Yes, our friend was being taught a lesson. OK, you didn’t want to play ball, and you think you’re more ethical than we are, than we will show you. And, show him they did. All doors for our friend closed one after the other. But, it wasn’t work that he wasn’t getting, he stopped being invited to conferences, the magazines that published his articles started rejecting his work, and the rejection of everything that carried his name was relentless.

As ridiculous as it may sound, he started envisioning a day where he might not find meaningful employment and that was when he decided to run away. He found a job quickly, a good job overseas, and he packed up and left. But, they hounded him there too. There reach was that deep, and their payback was relentless.

After the revolution happened, which one of them now I’m not so sure, our friend being the naïve person that he is, thought that any new government would come running after him asking him to come home, asking so many others like him to come home too. Yes, they’ll want the honest intellectuals with a proven track record of being incorruptible he thought, but I knew his phone would never ring, that no conference invites would come, but I never expected the remarks that he shouldn’t be taken seriously because he ran away.

But, he never ran away. He just didn’t want any part of being corrupted by what was around him, he didn’t want to become one of those good people that could justify one small perk, that just kept becoming bigger and bigger until their ethics ended up in a really big garbage can. He didn’t want to betray his character, let alone sell his soul. He didn’t want to be the crook leading Friday prayers, or the petty thief that justifies to himself taking this or doing that because everyone else is doing it too.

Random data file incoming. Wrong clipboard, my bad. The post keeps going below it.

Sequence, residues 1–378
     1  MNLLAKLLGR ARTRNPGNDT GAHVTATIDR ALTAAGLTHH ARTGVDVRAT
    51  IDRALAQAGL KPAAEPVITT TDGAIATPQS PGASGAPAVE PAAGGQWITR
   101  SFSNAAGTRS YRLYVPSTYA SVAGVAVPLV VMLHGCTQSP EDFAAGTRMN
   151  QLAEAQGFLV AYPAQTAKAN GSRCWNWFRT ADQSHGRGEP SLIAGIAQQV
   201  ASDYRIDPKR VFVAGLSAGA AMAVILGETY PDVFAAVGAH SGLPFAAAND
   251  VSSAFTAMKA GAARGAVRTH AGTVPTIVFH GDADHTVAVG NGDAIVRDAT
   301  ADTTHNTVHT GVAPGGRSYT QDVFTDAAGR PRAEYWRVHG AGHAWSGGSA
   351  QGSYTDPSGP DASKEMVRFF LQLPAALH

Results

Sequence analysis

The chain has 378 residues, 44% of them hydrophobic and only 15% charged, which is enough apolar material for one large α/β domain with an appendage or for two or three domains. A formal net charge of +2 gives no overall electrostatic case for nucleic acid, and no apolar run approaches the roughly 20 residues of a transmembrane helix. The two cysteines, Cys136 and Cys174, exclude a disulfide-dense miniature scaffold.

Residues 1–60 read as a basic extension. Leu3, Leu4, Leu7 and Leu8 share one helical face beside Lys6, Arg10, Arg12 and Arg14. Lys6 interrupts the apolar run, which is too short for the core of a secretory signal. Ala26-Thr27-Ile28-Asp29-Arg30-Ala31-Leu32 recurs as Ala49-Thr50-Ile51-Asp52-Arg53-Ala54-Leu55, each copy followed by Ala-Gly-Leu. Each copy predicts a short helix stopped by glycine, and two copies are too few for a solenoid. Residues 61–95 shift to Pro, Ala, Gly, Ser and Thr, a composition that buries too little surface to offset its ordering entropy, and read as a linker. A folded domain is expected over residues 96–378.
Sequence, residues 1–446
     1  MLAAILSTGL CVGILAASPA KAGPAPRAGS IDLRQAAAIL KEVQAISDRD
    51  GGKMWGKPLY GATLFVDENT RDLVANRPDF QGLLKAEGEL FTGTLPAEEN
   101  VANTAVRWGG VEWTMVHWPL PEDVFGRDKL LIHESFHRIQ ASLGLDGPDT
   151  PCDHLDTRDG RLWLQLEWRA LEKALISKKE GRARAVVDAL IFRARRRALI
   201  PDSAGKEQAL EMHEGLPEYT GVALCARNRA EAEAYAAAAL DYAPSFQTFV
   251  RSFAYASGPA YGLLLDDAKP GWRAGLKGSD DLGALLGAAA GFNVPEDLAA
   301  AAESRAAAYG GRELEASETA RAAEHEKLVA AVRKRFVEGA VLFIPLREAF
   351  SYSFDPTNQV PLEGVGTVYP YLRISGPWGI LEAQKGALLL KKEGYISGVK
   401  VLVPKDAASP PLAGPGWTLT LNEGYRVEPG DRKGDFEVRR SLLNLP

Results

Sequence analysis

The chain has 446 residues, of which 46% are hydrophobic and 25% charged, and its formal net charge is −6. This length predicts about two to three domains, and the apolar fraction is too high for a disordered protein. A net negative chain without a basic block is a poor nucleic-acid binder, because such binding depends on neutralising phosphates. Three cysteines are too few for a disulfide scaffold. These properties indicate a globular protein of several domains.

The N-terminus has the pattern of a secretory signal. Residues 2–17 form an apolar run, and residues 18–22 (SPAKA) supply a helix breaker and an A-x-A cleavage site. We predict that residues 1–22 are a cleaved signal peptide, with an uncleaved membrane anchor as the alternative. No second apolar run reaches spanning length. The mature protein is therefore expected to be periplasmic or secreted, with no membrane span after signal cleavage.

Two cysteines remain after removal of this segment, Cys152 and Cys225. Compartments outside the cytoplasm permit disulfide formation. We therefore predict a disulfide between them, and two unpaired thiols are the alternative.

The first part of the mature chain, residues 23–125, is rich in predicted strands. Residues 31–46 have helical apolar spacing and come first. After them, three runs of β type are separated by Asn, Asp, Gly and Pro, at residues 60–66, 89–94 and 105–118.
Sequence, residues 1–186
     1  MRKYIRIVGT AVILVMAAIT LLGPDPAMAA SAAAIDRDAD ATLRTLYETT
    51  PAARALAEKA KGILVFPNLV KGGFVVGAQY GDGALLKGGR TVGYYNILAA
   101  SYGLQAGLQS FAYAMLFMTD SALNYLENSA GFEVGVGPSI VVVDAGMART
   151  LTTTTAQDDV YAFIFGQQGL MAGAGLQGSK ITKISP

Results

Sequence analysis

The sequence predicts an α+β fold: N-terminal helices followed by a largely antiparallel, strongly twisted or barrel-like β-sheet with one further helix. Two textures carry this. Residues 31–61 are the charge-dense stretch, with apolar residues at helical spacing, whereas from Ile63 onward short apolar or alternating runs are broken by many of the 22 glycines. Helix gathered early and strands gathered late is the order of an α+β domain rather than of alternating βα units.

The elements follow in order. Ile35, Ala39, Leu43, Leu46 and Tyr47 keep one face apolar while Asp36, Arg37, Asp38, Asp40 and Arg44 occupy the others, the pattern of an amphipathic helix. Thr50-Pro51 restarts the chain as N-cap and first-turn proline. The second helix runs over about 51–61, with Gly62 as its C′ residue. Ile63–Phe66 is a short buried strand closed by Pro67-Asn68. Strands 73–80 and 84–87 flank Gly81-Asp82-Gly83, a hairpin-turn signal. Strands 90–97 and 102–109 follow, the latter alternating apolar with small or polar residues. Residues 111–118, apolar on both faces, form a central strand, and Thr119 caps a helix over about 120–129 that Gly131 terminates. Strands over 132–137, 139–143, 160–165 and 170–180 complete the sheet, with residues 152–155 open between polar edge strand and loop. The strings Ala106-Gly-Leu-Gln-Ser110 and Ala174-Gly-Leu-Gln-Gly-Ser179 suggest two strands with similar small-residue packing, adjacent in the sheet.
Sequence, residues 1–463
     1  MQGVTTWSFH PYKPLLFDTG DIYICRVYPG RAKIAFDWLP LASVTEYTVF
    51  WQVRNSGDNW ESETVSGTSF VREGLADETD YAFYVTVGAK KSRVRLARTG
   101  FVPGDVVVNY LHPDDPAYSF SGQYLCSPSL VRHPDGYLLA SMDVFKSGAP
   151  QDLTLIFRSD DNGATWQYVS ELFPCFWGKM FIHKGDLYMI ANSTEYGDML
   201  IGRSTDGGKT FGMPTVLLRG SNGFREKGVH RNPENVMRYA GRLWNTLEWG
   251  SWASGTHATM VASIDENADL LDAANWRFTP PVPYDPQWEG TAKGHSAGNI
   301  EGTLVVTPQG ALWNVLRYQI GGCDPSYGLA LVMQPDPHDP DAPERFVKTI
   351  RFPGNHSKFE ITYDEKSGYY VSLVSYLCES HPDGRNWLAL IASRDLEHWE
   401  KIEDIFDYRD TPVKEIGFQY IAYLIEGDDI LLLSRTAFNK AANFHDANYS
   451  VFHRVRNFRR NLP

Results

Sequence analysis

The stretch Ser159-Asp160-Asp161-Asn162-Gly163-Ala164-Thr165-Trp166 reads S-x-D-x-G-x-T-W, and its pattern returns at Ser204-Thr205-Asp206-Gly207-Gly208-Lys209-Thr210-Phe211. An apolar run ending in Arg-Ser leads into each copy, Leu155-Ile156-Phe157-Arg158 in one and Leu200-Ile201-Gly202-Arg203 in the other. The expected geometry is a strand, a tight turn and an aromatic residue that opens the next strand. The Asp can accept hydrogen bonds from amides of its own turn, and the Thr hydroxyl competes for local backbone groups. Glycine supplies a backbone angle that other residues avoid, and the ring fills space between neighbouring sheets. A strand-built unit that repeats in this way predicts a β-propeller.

Or, maybe on second thought, he did run away. Maybe he didn’t want a life where every other day was one ethical dilemma after the other. He must have clearly realized that in all of us there are seeds that are both good and unscrupulous, and that by staying where he was one of those seeds, a bad seed, would have been excessively watered.

So, yes he had every right to leave, but decades later there are still those that say he ran away. To them I say, it may have been better for him to have run away then to have become a man who lost his self-respect, or his dignity. What do you think of all of these ex Ministers and Prime Ministers today who live in palaces, but walk the streets of Cairo to shame or disgrace? Are the fortunes they amassed helping them now, or their children for that matter? And, yes Egyptians are a very forgiving lot, but there is a level of accountability that none of us will be able to run away from. We will all have to pay the piper some time. But, the worst form of accountability is the judgment we will all one day render on ourselves. And, maybe, just maybe, our friend who ran away has a much easier time looking into the mirror in comparison to many others he met along the way.

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© Khaled F. Sherif, 2020